Charities and their advisers will be aware of the favourable zero rate VAT regime for reading material that has applied in the UK since the days of purchase tax. They will also know of the seemingly illogical stance of HMRC that this relief only applies to old fashioned physical print formats and not to modern digital formats. This has been a bone of contention for many years, and one conglomerate, News Corp UK & Ireland, has litigated over the issue to seek zero rating on the digital equivalents of their well-known newspapers. Read more by clicking here
Art or science?
If you want to research what actually happens in certain walks of life, VAT tribunal reports are a treasure trove. We learn about the purpose and activities behind pilates (Hocking  UKFTT 1034), belly dancing (Cheruvier  UKFTT 7), fortune telling (Indian Palmist (2003) VAT Decision 18397), and several more.
To this, and the others, we can add matchmaking services, brought to us by the case of Gray & Farrar International LLP  UKFTT 684.
That’s a grand sounding name, but, in reality, one person is responsible for providing the service, namely Claire Sweetingham, assisted by a small team. So, what kind of person is she and what is the service?
To read more (click here)
It is quite common in charity circles for helpful supporting individuals to become involved in assisting the charity in various ways. In some cases a fundraising event, such as a golf day, might be organised, year on year, by the same individual, all the proceeds of which go to that charity. Or a group of supporters, such as the PTA of a school, may sell things ‘for’ the school. Or an individual may run a catering or gift shop operation on the charity’s site, and provide the proceeds to the charity. To read more (click-here)
I have previously commented on the Yeshivas Lubavitch Manchester tribunal case in the context of whether a proposed use of a building is a ‘relevant charitable purpose’. However, the case also concerned whether the works in question created an ‘annexe’ as distinct from an ‘extension’ to an existing structure. For the zero rate to apply to the works, this condition also needed to be met. The First tier Tribunal decided that it had been, contrary to HMRC’s views. The case therefore provides interesting insight into HMRC’s attitude to various aspects of such cases. To read more: click here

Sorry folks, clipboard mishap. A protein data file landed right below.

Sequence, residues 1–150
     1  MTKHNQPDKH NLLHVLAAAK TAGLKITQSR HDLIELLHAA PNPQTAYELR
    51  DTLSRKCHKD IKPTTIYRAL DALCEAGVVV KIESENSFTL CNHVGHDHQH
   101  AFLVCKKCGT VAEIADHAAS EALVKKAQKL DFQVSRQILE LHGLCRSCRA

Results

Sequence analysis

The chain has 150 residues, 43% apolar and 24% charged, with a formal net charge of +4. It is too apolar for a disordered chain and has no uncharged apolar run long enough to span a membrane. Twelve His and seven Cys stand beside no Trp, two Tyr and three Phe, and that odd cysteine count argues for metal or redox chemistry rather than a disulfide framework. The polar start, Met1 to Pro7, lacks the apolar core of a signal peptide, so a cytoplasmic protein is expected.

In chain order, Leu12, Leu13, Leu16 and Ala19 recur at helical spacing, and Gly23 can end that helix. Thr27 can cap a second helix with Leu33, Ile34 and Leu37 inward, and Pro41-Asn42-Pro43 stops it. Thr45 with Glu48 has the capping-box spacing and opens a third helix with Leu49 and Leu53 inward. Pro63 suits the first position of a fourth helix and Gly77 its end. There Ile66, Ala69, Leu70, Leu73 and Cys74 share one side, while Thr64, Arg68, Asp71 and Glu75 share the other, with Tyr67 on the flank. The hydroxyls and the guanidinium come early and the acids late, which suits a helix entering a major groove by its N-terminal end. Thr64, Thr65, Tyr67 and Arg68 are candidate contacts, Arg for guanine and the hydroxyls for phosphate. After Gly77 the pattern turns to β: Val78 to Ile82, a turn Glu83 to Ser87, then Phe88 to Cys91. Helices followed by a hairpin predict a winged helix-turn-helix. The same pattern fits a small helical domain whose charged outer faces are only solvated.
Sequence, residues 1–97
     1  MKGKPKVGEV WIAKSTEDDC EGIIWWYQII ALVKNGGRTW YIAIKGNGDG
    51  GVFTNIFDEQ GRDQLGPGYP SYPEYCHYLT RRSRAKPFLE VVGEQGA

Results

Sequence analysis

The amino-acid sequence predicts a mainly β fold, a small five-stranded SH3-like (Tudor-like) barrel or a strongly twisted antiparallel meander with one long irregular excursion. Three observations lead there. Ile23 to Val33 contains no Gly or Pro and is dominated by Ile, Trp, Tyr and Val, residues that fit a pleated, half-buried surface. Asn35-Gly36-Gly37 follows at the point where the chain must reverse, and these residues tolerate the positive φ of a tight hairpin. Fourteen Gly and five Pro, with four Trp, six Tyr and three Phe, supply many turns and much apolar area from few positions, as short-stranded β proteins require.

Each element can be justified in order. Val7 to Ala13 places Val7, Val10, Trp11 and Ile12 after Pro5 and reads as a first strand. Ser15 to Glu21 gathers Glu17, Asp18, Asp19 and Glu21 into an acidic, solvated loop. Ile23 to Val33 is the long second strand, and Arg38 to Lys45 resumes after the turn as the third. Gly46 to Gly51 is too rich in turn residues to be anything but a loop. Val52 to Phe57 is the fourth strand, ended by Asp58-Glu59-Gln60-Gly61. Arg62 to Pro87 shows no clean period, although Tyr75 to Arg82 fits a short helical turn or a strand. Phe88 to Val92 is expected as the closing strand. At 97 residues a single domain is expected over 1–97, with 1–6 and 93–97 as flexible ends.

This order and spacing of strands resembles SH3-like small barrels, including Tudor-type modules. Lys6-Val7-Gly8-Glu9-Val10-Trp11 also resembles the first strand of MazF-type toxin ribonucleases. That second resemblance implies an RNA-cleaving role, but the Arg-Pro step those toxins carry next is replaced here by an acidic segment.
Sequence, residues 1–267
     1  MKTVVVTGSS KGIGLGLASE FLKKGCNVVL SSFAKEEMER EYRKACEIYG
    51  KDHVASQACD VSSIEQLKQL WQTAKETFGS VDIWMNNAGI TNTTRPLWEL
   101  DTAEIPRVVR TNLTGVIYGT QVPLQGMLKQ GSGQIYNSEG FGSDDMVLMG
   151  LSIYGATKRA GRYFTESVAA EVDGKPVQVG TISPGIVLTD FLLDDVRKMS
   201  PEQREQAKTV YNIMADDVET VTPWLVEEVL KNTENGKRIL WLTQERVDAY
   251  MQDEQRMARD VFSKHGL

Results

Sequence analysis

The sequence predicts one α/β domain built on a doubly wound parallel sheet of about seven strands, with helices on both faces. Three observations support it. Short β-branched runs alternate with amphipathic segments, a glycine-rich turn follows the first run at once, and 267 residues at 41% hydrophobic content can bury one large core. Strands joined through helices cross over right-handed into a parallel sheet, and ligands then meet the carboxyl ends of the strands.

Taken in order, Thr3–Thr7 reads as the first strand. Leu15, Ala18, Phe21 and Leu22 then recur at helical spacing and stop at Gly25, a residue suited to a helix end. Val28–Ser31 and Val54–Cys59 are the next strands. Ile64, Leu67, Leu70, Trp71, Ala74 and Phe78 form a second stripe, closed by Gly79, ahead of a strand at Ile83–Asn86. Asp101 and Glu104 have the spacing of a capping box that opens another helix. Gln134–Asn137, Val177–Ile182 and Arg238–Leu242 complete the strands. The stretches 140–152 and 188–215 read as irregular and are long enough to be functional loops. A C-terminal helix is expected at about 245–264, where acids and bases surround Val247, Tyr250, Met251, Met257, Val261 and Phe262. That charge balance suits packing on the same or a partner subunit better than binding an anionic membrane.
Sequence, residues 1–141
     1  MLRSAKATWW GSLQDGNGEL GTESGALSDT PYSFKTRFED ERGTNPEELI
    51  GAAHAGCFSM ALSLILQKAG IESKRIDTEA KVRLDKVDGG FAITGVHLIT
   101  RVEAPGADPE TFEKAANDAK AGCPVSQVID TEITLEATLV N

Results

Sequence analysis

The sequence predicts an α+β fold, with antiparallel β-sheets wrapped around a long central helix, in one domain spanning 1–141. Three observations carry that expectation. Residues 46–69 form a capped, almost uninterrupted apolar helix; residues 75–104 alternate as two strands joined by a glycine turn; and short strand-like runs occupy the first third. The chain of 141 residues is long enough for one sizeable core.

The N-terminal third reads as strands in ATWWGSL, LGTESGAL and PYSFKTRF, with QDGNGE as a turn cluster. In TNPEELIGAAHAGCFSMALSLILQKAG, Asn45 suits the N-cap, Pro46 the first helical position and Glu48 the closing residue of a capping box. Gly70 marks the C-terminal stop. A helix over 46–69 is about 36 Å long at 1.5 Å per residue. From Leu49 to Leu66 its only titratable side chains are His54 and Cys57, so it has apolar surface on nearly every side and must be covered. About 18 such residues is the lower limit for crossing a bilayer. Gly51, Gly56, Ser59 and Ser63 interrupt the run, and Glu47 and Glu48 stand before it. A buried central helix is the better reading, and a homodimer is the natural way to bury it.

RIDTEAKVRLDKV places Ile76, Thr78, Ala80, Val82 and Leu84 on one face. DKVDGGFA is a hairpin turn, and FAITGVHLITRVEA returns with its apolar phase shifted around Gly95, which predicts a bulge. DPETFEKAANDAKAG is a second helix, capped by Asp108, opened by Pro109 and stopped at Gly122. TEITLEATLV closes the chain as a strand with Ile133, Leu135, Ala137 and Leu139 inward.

I wrote a commentary on the curious case of the CASC that claimed it was a charity in order to benefit from charitable VAT relief on new building works. That related to the First tier Tribunal decision in Eynsham Cricket Club. This has now returned to the courts in the form of an Upper Tribunal decision (UKUT0286). The tortuous result is that the Club lost its appeal. The interesting aspect is the route to that result. To read more…click here
This commentary focuses on one of the defining planks of the ‘welfare’ exemption which applies (amongst others) to charities. The relevant provision relates to the ‘care or protection’ of children or young persons. The review is prompted by the Tribunal decision in Lilias Graham Trust (TC07346). Whereas the facts will be special to that charity (which has an unusual activity) the case makes some points which have a wider resonance. To read more, click here
In a judgement issued on 29 July, the court said taxpayers can deduct VAT incurred in purchasing the rights to a subsidy, in this case entitlements to Single Farm Payments (SFPs).
HMRC had refused to allow the farmer, Frank A Smart & Son Ltd (FASL), to deduct VAT of £1,054,852 in its returns between December 2008 and June 2012, arguing that the subsidy was unrelated to the creation of non-exempt supplies. FASL appealed to the First Tier Tribunal (FTT) which ruled in its favour, finding that FASL intended when it purchased the entitlements to use the income from them to pay off its overdraft and develop the business. To read more – click here
In the wake of the court decisions in Longridge and Wakefield College we were wondering where the newly stricter conditions for defining ‘relevant charitable purpose’ left children’s care charities that had relied on the ancient precedents of Yarburgh and St Paul’s. HMRC did not withdraw their policy to the effect that such ‘creche’ charities could be regarded as carrying out relevant charitable purposes despite making charges, but this no longer appeared to align with the recent decisions, and the basic tenet on which they were based, the concept of ‘predominant concern’, had been clearly superseded. We awaited the next step… read more: click here
The Court of Justice of the EU (CJEU) has given what may prove to be the last binding decision on the UK regarding a case the UK courts have referred… read more: click here
Cheshire Centre for Independent Living (‘the charity’) has been involved in a long-running dispute with HMRC over the VAT treatment of charges made to disabled persons in running a payroll service. The scenario arises as follows.
A disabled person may need a carer. Where possible… To read more…